It’s difficult to imagine that some of the bloodiest and destructive battles of the Civil War took place in the peaceful countryside of Virginia. When Union Gen. David Hunter received orders to lead his Army of West Virginia through the Shenandoah Valley and into Lynchburg in 1864, he led a campaign of destruction that leveled farmland, homes, railroads and even the Virginia Military Institute.
A Virginia Civil War Trail highlighting Hunter’s Raid and comprising 24 markers along the same route pursued by Hunter and his troops 141 years ago. The trail begins in Staunton and loops to Lynchburg with an eastern branch stretching past Roanoke to Hanging Rock.
The history: Hunter was under orders from Gen. Ulysses S. Grant to capture Lynchburg, an important supply and transportation center for the Confederates, explains Greg Starbuck, executive director of the Historic Sandusky Foundation and chairman of the Hunter’s Raid Trail committee. Three railroads came into the city.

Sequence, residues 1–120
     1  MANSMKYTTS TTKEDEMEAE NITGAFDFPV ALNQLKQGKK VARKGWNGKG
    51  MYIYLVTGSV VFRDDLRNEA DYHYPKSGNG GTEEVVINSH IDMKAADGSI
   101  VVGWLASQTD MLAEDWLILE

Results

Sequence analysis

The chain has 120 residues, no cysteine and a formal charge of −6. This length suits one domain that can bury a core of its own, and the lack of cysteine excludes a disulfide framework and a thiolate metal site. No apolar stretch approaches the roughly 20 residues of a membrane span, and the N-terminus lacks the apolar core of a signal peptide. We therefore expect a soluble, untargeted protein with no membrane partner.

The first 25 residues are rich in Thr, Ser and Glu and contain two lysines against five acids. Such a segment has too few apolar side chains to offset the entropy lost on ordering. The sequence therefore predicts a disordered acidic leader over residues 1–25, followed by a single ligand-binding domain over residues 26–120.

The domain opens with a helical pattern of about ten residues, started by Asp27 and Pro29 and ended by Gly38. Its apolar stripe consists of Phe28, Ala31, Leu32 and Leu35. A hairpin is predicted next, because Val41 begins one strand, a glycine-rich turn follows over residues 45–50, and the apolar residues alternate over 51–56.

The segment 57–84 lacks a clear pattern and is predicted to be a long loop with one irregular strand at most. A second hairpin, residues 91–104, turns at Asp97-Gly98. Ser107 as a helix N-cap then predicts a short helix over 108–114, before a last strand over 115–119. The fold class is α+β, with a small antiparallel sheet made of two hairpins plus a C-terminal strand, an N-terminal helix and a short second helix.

“This was a nexus of activity,” Starbuck says. “If they could capture Lynchburg, they could pretty much doom [Confederate Gen. Robert E.] Lee’s army.”
Once Hunter arrived at the outskirts of Lynchburg, he seized Sandusky, the home of retired U.S. Army officer Maj. George C. Hutter, making the residence his headquarters. The mission failed, however, as Confederate Gen. Jubal Early and his troops arrived in time to surround Lynchburg defensively and drove Hunter out of town.
Today, attractions along the route include Civil War cemeteries, the Frontier Culture Museum in Staunton, the burial sites of Stonewall Jackson and Robert E. Lee, Natural Bridge and Avenel Plantation.
For more information: 434/845-5966, www.huntersraid.org.